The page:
On Saturday, Arsenal once again spurned the opportunity to win at Old Trafford, a run which now stretches to ten league games. Arsene Wenger’s terrible record against Jose Mourinho remained in tact, though the Gunners did manage to score their first goal against a Mourinho side since 2007. Much like last season, an ostensibly superior Arsenal side failed to capitalise on Manchester United’s form and injury troubles.

A draw in Manchester is never a terrible result, indeed this was only our third since 2006. Yet Wenger’s overly-cautious starting lineup gave the initiative to United, and a better side, or one on better form, would have capitalised and taken all the points. As it panned out, Arsenal did manage a late equaliser, but only once they changed formation and personnel and opted for a more offensive approach.

Arsenal have been at their best this season playing with the creative triumvirate of Santi Cazorla, Alex Iwobi and Mesut Ozil. Their quick, incisive passing and movement creates space for Theo Walcott and Alexis Sanchez to thrive in the final third. As Tim Stillman explains here, Wenger’s best sides have tended to feature a playmaking combination on the left, with poachers roaming on the right; think Robert Pires and Freddie Ljungberg as a prime example. Though it is too early to compare Iwobi with such illustrious greats, he offers similar creative influence on the left-hand side.

Of course, with Cazorla injured and Iwobi, still only twenty, removed from the firing line after a couple of mediocre performances, there was need for a change. Yet the boss selected the most conservative approach possible, going with the midfield duo of Francis Coquelin and Mohamed Elneny. Though tidy enough statistically, with 88% and 93% pass completion, and seven and three tackles respectively, they were unable to provide the attackers with adequate service and were often overrun by United’s well-balanced midfield. Playing Aaron Ramsey on the left-hand side, where he is even less effective than on the right, perhaps designed to offer Nacho Monreal extra protection against the marauding Antonio Valencia, was overly cautious. Consequently, Mesut Ozil, who prefers to hunt in a pack than alone, was isolated and ineffective. Alexis, who displayed several moments of sublime skill and technique, was often too deep, dropping into the centre to try to affect the match. In turn, Theo Walcott sought to inhabit the central forward role, leaving nobody out wide in the absence of Hector Bellerin.

I’m a big fan of both Coquelin and Elneny, both offer significant attributes to our side. It is plain to see, however, that they do not work together. Though one solution would be to move Ramsey to the middle, it is surely time that Granit Xhaka, our expensive summer signing, was given a sustained chance. In Cazorla’s absence, he offers the most creativity of our central midfielders. His pinpoint long passes would encourage the attackers to play on the shoulders of opposition defences rather than coming deep. He would also provide Ozil, as Cazorla does, with much quicker service. Xhaka’s qualities mean he could form an effective partnership with any of Coquelin, Elneny or Ramsey. Hopefully he is given a start either against PSG or Bournemouth. On Saturday, Arsenal finished the match with Xhaka and Ramsey as the midfield two. It was no coincidence that this was our most threatening period of the match.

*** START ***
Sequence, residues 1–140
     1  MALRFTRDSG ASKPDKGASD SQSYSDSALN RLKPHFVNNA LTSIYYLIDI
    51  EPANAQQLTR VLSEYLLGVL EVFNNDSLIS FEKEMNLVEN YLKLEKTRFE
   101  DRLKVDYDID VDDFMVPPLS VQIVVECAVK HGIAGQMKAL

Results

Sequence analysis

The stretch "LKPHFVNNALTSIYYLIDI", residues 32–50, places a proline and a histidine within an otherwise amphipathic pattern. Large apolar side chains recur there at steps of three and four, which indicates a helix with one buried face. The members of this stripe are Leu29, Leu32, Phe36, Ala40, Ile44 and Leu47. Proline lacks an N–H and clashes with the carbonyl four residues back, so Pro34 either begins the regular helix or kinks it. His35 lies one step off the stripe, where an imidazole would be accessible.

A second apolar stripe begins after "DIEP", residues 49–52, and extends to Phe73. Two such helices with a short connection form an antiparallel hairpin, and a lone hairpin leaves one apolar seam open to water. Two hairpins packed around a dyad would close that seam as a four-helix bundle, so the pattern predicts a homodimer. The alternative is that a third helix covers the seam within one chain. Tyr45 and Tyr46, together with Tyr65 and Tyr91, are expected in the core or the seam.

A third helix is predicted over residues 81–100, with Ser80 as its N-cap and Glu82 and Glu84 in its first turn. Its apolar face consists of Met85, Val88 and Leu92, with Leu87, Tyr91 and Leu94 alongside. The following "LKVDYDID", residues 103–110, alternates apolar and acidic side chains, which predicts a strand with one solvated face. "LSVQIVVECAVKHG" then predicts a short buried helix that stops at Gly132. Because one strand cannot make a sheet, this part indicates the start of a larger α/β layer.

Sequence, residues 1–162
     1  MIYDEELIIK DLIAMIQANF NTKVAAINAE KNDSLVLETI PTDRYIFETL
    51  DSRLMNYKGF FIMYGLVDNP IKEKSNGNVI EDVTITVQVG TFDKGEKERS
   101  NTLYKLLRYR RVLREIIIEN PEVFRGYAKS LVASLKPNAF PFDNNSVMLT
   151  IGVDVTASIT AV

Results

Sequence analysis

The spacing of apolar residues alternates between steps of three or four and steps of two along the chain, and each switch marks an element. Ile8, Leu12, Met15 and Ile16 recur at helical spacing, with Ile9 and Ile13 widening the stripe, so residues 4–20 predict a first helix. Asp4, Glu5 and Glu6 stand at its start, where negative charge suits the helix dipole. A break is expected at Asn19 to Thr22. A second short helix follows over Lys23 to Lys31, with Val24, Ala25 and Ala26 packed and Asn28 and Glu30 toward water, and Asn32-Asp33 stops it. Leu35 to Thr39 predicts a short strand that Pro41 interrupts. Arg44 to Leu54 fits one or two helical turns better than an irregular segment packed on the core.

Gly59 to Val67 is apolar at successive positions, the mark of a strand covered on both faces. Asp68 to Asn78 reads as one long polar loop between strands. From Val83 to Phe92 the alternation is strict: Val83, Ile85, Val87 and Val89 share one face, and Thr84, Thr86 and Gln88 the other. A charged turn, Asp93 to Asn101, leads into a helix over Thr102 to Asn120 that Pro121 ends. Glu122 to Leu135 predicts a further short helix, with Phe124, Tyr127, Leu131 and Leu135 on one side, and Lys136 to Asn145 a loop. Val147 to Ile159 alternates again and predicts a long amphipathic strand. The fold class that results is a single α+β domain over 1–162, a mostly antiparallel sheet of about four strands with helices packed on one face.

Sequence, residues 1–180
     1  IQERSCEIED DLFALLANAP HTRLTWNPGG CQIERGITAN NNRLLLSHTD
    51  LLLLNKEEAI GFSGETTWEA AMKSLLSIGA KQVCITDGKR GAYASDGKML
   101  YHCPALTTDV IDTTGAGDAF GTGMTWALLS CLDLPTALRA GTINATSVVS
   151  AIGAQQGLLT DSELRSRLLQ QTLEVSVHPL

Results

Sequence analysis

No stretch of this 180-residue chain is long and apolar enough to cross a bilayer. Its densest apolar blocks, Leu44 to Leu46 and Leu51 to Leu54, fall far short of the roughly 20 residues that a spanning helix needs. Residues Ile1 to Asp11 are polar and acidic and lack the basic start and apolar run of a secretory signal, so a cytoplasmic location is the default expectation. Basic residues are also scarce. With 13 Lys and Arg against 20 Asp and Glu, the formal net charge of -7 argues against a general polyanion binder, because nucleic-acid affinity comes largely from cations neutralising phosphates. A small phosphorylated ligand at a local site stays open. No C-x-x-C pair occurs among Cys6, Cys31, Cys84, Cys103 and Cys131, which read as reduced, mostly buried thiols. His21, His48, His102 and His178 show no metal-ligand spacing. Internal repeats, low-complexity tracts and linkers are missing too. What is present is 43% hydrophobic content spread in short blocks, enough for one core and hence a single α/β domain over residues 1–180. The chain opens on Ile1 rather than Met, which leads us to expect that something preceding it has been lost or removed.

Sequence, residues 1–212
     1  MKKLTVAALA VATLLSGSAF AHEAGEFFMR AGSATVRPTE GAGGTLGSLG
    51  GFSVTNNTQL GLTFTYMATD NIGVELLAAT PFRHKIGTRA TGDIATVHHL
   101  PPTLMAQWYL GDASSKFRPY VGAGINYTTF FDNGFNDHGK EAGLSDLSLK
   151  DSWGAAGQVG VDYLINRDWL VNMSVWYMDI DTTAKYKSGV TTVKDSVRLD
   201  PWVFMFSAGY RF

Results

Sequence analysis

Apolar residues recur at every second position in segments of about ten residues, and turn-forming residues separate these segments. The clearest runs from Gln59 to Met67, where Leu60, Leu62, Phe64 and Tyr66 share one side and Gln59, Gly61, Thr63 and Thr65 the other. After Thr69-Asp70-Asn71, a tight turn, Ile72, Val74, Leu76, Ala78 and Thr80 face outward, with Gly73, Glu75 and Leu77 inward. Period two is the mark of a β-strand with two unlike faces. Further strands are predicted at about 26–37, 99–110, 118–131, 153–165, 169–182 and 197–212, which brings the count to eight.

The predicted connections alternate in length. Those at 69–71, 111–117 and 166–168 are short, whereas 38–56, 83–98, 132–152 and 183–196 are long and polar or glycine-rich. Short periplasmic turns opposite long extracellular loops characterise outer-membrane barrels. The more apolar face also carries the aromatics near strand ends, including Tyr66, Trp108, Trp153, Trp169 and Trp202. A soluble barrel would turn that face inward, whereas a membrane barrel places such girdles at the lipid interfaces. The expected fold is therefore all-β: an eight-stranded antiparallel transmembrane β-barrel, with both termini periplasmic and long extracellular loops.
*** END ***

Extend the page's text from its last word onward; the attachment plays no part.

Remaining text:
To be sure, United should be given some credit for their performance. They were far from superb; they didn’t have to be to almost win. But Mourinho seems to have found a more balanced midfield, whether by luck or by design. Michael Carrick was tidy, Ander Herrera a nuisance, and Paul Pogba, though not at his very best, managed to impose himself on the match more than in recent weeks. Up front, the enforced absence of Zlatan Ibrahimovic, and the semi-enforced absence of Wayne Rooney, encouraged Mourinho to select his most mobile and threatening front three. Anthony Martial, Marcus Rashford and Juan Mata, who confounded our defence by popping up in the middle to finish a well-worked goal, were threatening throughout. Overall, I felt that our defence coped well, though Monreal was worryingly poor, and should have conceded a penalty; he was partly at fault for Mata’s strike.

Performance-wise, it was a self-inflicted disappointed, Wenger going with a cautious approach and reacting too late with his substitutions. When changes were made, however, they led to the equaliser, Alex Oxlade-Chamberlain’s pinpoint cross met expertly by Olivier Giroud’s head. Certainly, it is better to draw when playing badly than when playing well, and the predictable cliche of gaining points despite poor performances have circulated in the media. Nevertheless, it is imperative that the team improves; there have been too many abject outings since Cazorla’s injury, and eventually our luck will run out.

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